A pursuit of beauty

Ewing Brambling

On Sunday, Duncan tried an experiment which involved us all listening to Luke 10:1-17 read twice by Eilidh in the wonderful Message version. We then had to use our smartphone (if we had them!) to enter the word or phrase into an on-line site which generated a word-cloud which we were able to watch unfolding on the screen in front of us.  One phrase which captured quite a few folks’ imagination was where Jesus told the 70 people he was sending out that they should assure people in the towns they visited that ‘God’s kingdom is right on your doorstep.’ This wonderful dimension of God’s love and grace has come seeking us out, inviting us to live evermore within that kingdom.

But the phrase which meant most to me was used by Simeon earlier in the service. He was giving us an update on the Ewing Family’s Big Year – during 2018, the Ewings are trying to spot and photograph as possible as many species of birds as they can in Scotland.  Their total is currently 147 and their target 150. So three to go in the remaining weeks of 2018!

They are also being sponsored for each species they identify, and the money will go for research into Ocular Melanoma.  They aim to raise £10 in sponsorship for each species – currently they have been promised £8.30 per species – they would welcome further financial support.  A 10p donation per species would mean giving £15 if the Ewings reach their total!

But Simeon had added a strapline to the project – ‘A pursuit of beauty’, emphasising the loveliness, variety and beauty of the birds the family were photographing.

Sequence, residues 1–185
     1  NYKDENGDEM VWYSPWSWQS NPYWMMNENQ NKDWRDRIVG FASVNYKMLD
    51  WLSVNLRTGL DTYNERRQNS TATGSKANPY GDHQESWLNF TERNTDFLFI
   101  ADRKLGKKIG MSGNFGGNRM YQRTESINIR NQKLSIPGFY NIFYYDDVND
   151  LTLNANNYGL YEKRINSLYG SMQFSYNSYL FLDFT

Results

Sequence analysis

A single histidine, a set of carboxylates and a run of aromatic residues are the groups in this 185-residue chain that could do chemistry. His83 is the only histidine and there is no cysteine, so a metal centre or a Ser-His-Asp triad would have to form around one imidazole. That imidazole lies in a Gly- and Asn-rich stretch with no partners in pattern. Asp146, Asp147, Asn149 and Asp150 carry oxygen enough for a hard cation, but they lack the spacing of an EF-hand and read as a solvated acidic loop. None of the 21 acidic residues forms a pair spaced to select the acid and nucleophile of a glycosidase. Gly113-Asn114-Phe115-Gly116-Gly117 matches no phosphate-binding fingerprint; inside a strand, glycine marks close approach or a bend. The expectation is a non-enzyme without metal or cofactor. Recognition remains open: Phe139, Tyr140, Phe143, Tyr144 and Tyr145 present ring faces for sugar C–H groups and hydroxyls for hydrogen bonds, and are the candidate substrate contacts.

And that phrase appealed to me.  There is something in all beauty which points to the beauty and perfection of God.  So to pursue beauty is ultimately in fact to pursue God.  As Christians we are called to see ourselves as beautiful, as those whom God loves and cherishes.

‘Beauty’ in human lives is seen not in the absence of pain and trouble, but in the grace which reflects the presence of God despite our struggles.

We are called to see beauty in others: to see that those who do not see themselves as beautiful are loved, cherished by God and by that very fact have incalculable value and beauty.

And we need discernment: what matters is not so much physical beauty, as beauty of the spirit, beauty of the heart.

If we are serious about the pursuit of beauty it will affect our consumption of media and social media. We do not hide from the ugliness of reality – instead we look out for beauty amidst the ugliness, and seek to express the loveliness of God in messy situations. But we know we will not be nourished by a diet of ugliness as entertainment.

As the Ewing family scan the horizon for a hitherto unseen species, so we can be alert to beauty,  open to the beauty of God  reflected in unexpected places, and in unexpected ways.

(The photo is of a Brambling, the Ewing Families 147th species of the year.)

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